Speaker: Prof. Mariusz Krawiec
Affiliation: Maria Curie-Sklodowska University, Lublin, Poland
The success of graphene initiated the era of two-dimensional materials with the thickness of a single atomic layer and formed mainly by group 14 of the periodic table elements. In the last few years, this new class of two-dimensional crystals has become the subject of intense research, mainly due to the predicted excellent physicochemical properties and the promissing perspectives for potential applications, including nanoelectronic, optoelectronic, catalytic, and electricity storage devices, gas sensors or new generation hybrid functional materials.
The oldest member of the family of these two-dimensional materials is silicene – the silicon counterpart of graphene. It is not only compatible with current silicon-based electronics, but it can also be easily functionalized. This opens up, unavailable to graphene, possibilities for the design and construction of modern electronic devices, such as a topological field effect transistor, or the creation of new technological concepts, such as straintronics, a technology that utilizes modifications of the atomic structure to control electronic properties.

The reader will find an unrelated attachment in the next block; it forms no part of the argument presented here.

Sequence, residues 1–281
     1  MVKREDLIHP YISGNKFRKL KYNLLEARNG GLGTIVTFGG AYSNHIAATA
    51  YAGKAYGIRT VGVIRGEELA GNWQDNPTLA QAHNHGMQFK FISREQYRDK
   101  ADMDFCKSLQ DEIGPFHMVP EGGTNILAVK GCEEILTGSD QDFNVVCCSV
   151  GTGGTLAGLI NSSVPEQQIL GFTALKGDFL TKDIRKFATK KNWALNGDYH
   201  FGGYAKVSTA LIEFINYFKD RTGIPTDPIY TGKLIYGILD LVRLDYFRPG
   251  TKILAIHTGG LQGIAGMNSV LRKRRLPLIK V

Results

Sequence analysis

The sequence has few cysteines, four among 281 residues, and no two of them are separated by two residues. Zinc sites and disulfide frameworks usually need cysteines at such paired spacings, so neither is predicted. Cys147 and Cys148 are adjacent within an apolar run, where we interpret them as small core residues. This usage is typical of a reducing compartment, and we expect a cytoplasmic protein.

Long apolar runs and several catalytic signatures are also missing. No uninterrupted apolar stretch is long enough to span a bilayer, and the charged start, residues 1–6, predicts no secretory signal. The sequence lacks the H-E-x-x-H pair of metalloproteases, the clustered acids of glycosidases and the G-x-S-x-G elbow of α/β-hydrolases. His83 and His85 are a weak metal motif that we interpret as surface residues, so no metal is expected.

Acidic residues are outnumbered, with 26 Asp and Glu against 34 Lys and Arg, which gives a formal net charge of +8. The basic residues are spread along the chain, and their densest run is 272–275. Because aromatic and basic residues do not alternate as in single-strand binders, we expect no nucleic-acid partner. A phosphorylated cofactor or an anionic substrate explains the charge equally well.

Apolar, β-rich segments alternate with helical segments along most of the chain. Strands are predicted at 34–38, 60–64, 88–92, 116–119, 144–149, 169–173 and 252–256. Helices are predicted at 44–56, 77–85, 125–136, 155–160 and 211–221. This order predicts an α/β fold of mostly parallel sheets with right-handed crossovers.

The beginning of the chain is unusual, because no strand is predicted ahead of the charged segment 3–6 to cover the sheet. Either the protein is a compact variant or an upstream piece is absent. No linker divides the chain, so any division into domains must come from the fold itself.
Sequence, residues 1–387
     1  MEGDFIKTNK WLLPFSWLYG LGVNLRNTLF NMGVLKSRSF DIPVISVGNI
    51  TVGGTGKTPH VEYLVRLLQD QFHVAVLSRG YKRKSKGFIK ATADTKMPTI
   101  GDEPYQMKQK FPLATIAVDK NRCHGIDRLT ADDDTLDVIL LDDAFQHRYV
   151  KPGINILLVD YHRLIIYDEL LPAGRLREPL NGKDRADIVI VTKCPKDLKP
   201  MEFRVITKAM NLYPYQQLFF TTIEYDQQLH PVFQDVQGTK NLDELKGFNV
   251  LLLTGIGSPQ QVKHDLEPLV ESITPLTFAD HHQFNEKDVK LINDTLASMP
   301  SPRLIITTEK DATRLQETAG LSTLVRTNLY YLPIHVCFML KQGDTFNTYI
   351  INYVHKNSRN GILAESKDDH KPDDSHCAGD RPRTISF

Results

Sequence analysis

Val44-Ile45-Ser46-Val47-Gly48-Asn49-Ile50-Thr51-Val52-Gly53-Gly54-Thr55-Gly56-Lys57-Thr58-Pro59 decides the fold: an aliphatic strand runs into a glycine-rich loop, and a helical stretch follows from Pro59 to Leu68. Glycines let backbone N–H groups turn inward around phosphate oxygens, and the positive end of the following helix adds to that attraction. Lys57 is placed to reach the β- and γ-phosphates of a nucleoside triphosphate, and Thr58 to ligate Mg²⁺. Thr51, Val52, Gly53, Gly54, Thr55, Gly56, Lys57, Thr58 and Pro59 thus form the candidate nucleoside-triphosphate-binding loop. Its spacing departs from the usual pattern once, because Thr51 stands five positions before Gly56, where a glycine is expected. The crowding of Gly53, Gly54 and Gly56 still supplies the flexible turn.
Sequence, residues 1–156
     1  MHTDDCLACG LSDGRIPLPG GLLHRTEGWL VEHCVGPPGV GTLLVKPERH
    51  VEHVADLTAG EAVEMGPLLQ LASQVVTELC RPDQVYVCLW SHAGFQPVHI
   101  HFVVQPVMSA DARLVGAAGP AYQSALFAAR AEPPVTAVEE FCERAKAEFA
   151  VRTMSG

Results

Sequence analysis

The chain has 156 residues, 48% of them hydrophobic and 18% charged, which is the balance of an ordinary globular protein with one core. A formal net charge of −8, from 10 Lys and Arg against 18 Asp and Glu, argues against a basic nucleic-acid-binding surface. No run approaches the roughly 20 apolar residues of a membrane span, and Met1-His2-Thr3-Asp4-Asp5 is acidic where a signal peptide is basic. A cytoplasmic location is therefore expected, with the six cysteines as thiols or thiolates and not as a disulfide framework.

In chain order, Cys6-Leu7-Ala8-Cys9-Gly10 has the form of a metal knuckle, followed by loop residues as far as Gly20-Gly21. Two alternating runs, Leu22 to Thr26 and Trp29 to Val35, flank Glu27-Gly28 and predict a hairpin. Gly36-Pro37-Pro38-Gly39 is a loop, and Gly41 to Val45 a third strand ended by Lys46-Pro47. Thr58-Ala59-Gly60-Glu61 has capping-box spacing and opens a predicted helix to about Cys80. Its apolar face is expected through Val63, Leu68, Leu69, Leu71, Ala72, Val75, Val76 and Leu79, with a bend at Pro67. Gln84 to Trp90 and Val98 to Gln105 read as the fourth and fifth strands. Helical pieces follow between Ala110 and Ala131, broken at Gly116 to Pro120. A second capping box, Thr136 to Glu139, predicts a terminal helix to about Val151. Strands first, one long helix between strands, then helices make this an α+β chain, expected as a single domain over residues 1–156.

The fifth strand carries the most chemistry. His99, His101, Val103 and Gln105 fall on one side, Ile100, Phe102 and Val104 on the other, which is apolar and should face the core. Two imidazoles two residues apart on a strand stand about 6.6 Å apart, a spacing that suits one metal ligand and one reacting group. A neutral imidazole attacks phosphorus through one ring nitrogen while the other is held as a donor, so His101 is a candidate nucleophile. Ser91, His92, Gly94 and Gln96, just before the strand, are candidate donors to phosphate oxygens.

During the talk I will discuss selected issues related to the production, characterization and functionalisation of silicene layers in the context of promising future applications.
Seminar language: English
Chairman: Ireneusz Weymann
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